It appears to me that one of the richest projects that we can possibly undertake would have to be an exploration of the principles of love that we so know so little about, and on which so much depends. If we did, we would have no reason to start wars and build nuclear bombs for each other. Some day we may even get to this point. And the best thing about this project of opening the door to the exploration of the principles of love is that we don't need huge resources to do it, or to be powerful politicians to create peace in the world and lay the foundation for a rich civilization. We can uplift the platform of our civilization by simply uplifting ourselves and enriching the life of one another with the riches of love that we have barred needlessly from our life in so many ways except in a few narrowly defined circumstances.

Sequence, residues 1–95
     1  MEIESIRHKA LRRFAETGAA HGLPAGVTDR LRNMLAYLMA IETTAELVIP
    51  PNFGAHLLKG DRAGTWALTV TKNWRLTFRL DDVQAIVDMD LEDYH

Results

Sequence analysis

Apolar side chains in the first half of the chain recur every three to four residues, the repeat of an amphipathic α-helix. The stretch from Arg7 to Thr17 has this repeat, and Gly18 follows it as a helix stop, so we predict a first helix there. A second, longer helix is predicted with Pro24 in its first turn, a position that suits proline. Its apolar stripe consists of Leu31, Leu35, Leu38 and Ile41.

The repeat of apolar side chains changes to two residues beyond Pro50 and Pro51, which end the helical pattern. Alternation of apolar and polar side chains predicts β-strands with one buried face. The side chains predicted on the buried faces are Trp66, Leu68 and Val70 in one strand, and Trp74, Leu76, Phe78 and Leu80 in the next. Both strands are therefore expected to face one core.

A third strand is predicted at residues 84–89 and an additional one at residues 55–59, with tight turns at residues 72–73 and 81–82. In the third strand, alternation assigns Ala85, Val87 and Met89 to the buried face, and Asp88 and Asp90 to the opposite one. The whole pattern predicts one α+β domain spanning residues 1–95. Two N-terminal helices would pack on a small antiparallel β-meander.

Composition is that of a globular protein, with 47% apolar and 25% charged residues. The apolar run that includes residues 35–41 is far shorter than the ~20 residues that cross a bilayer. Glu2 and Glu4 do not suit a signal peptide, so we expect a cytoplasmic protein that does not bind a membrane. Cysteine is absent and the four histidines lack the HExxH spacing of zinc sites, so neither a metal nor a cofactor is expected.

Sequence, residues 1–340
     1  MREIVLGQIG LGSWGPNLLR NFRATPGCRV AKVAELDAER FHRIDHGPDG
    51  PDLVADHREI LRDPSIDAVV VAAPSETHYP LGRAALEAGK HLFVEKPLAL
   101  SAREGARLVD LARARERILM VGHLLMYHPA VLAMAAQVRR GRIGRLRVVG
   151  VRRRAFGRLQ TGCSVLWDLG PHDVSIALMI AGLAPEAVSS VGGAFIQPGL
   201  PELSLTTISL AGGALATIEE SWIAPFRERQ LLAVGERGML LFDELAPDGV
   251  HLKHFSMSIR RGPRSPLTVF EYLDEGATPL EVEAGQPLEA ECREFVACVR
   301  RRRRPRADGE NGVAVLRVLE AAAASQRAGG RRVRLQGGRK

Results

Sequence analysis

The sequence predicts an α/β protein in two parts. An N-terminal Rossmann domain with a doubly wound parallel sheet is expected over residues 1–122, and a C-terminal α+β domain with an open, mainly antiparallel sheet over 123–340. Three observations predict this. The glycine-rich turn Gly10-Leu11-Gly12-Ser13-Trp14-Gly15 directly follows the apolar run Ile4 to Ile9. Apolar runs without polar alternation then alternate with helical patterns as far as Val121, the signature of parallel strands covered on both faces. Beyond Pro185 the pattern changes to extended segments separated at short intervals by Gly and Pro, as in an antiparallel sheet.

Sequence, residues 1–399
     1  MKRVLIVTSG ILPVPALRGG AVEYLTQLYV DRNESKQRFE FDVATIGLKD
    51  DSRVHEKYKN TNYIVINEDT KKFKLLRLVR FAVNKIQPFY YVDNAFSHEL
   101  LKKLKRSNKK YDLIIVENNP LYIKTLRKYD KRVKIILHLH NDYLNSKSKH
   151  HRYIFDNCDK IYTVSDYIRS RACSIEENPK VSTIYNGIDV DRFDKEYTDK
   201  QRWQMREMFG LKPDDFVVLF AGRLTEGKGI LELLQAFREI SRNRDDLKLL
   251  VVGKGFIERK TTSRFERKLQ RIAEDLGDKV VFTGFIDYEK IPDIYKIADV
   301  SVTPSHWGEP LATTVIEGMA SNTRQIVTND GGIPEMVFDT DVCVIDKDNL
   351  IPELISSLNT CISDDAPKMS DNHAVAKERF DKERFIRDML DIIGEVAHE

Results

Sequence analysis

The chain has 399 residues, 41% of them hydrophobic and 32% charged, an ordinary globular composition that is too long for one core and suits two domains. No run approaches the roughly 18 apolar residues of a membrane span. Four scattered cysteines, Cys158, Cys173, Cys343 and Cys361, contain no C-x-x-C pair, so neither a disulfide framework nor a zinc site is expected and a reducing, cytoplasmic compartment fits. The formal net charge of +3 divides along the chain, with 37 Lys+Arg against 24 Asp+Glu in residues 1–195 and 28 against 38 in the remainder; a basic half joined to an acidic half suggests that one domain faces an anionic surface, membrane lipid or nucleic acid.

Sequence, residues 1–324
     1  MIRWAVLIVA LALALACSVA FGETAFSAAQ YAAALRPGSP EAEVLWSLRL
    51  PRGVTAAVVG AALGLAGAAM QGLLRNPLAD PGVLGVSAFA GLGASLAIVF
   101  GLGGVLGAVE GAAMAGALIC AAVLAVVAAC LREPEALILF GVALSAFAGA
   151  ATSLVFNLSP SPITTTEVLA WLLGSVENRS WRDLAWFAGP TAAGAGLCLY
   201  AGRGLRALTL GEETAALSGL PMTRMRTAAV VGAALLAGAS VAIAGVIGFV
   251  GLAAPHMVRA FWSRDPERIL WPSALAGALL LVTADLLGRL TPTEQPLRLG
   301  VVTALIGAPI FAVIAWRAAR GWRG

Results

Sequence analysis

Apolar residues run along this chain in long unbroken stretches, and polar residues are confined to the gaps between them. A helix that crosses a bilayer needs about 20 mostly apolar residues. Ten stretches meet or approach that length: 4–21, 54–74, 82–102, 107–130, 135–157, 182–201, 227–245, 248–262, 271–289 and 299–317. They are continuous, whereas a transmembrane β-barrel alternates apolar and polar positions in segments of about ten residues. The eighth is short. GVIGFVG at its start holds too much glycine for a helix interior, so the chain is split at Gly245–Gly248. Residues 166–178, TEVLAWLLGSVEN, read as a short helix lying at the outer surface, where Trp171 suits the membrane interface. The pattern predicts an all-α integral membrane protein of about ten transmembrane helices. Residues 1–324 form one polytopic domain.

Indeed, surprising aspects come to light as we begin to venture out into the unknown land of universal love. Some come to light as healing, others as aspects of joy or of profound realizations. Let us consider for instance how a gardener loves a rose. Is the beauty that the gardener loves located in the rose, or is it not rather located in the gardener's heart and humanity where the structures of beauty exist that the rose merely reflects? Isn't that where our love is truly rooted? If a rat were to behold the same rose, the wondrous beauty of the rose would likely mean nothing to the rat. And if a deer beheld the rose, the deer would see it as food and eat it. But for us, it becomes an object in which we discover our humanity. We cherish it, we cultivate it, we enrich our world with this out-flowing love, and how much greater than a rose is a human being? It seems that we have barely touched the fringes of the garment of love and its light. An ancient visionary once beheld an image of humanity that we seem to have forgotten. He saw it as a great wonder in the form of a woman clothed with sun, and upon her head a crown of twelve stars, the stars of rejoicing.